• Assist the team leader as required with broader advocacy efforts which may include collecting case data, writing reports and case profiles, or preparing other necessary documents.
• As required, provide training to new legal advisors and other staff on legal issues faced by refugees.
• Direct clients to appropriate external organizations to address their specific needs.

Please visit to apply

Global Peace and Security Intern at Americans for Informed Democracy

Now hiring for *spring* (March-May) and *summer* (May-August). Applicants should specify which session they are interested in (or both). 

The Global Peace and Security Intern will work closely with AIDemocracy staff to support student engagement around peace and security issues including US engagement in Iraq and Afghanistan, nuclear weapons, US-Muslim relations, and US civil/military balance. Interns work on student outreach, online communications, curriculum development, event planning and partnership development.

Our vision is that every young person in the United States exercises their power to bring about a peaceful, healthy, just and sustainable world. We educate, cultivate and mobilize a network of young people in the US to take informed action around our individual and collective roles as global citizens.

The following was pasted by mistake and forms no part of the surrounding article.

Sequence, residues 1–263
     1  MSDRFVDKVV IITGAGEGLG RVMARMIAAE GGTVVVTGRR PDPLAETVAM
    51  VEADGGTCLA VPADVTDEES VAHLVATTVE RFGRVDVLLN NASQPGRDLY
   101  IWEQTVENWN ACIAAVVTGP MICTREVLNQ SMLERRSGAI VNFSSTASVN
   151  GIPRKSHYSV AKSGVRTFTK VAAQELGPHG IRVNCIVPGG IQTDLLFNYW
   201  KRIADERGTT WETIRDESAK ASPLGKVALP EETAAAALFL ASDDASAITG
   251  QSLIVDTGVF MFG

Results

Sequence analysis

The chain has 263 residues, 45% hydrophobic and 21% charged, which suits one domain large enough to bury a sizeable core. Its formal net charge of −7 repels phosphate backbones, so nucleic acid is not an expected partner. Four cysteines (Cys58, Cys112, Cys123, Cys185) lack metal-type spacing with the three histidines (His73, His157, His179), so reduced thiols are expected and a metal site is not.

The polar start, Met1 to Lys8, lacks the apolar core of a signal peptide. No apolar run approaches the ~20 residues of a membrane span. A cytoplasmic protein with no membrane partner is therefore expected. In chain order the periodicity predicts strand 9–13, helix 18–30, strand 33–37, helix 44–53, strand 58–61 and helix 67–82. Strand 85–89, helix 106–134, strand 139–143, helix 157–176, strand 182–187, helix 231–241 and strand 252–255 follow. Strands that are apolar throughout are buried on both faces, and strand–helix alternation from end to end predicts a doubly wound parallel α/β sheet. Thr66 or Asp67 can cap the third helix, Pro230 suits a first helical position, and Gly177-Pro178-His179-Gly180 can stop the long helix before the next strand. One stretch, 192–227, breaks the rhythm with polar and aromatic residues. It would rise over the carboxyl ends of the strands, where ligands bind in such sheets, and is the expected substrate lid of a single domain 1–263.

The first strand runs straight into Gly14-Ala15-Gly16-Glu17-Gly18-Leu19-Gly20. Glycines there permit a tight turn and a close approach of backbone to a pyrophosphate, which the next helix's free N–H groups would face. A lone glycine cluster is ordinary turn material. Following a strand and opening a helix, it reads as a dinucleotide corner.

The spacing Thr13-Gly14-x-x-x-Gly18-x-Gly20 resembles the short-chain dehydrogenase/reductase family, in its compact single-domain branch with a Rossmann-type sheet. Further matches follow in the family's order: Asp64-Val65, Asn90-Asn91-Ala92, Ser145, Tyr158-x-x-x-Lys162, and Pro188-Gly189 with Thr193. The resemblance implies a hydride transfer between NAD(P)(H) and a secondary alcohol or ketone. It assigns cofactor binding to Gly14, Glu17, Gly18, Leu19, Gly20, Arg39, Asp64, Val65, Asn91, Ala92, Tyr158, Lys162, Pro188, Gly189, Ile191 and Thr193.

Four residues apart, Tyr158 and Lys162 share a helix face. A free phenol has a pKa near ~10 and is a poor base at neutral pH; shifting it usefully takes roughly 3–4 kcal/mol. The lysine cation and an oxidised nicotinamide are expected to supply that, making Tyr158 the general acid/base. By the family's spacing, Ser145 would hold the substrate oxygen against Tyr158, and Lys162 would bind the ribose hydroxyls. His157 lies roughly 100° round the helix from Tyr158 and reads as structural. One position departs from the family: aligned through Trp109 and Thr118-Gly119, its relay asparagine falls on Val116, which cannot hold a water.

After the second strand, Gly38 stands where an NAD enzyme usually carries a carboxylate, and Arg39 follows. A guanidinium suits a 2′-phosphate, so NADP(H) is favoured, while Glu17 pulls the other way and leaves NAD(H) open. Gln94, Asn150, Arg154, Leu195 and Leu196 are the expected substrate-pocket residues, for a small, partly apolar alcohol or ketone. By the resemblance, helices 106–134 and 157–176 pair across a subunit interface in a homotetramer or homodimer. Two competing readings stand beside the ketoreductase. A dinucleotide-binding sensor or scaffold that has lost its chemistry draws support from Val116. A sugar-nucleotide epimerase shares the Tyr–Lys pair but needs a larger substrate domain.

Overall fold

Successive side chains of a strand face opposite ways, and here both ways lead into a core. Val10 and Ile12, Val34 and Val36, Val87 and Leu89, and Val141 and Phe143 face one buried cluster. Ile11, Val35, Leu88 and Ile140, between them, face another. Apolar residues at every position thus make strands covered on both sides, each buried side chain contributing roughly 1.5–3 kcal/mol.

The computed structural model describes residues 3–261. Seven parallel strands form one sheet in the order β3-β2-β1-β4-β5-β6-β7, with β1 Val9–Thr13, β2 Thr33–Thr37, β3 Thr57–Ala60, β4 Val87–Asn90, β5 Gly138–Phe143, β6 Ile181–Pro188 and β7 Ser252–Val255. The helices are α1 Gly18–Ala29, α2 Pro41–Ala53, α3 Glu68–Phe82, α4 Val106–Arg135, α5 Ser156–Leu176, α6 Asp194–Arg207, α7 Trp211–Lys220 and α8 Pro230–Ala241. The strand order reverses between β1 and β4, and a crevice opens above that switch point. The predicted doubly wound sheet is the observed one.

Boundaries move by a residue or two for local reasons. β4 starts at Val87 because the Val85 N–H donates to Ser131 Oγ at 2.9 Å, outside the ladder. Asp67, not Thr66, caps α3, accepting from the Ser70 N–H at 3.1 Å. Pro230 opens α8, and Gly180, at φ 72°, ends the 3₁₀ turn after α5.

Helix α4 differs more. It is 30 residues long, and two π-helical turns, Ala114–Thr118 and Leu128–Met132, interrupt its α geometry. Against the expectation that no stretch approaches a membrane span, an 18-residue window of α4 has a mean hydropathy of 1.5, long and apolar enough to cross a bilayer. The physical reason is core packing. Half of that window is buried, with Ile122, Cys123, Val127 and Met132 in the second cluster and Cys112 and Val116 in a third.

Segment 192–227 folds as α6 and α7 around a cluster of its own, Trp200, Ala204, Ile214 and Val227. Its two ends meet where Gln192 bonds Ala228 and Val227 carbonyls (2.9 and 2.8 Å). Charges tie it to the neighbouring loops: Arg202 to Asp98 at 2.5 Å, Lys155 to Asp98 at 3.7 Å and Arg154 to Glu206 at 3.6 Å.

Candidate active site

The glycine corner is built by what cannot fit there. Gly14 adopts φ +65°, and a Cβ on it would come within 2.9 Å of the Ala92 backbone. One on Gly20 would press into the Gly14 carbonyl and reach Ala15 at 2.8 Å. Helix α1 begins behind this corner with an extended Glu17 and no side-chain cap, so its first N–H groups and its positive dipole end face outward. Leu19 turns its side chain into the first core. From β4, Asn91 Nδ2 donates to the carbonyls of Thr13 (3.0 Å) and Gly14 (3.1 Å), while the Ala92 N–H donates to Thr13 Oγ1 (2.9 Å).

• Help students understand the issues. This involves monitoring key conversations, writing blog posts, developing toolkits and fact sheets, etc.;
  • Support student mobilization on the issues. This involves supporting student strategy development, member recruitment and events;
  • Identify advocacy opportunities and partners;
  • Support general planning and execution of events, including our regional and annual conferences in Spring 2010.
  • Provide general administrative and logistical support to the Global Peace and Security Program;
  • Assist with website and other communications and outreach tasks;
  • Provide logistical support to program staff for meetings, conferences and events.
Skills and qualifications:
  • Strong familiarity with and interest in global peace and security issues;
  • Strong written and oral communications skills;
  • Computer and internet competency;
  • Strong organizational skills, accuracy and attention to detail;
  • Ability to thrive in a fast-paced work environment;
  • Ability to work both independently and in teams;
  • Experience organizing students, doing advocacy, or working on social justice issues a plus.
You’ll like this position if you:
  • Are inspired to learn more about peace and security issues;
  • Believe that students have the power to affect change, and enjoy working with student activists;
  • Enjoy coming up with creative ways to educate and mobilize students around issues.
Skills you’ll gain:
  • Issue / policy analysis
  • Writing
  • Organizing
  • Leadership
  • New media: using blogs, Facebook, etc.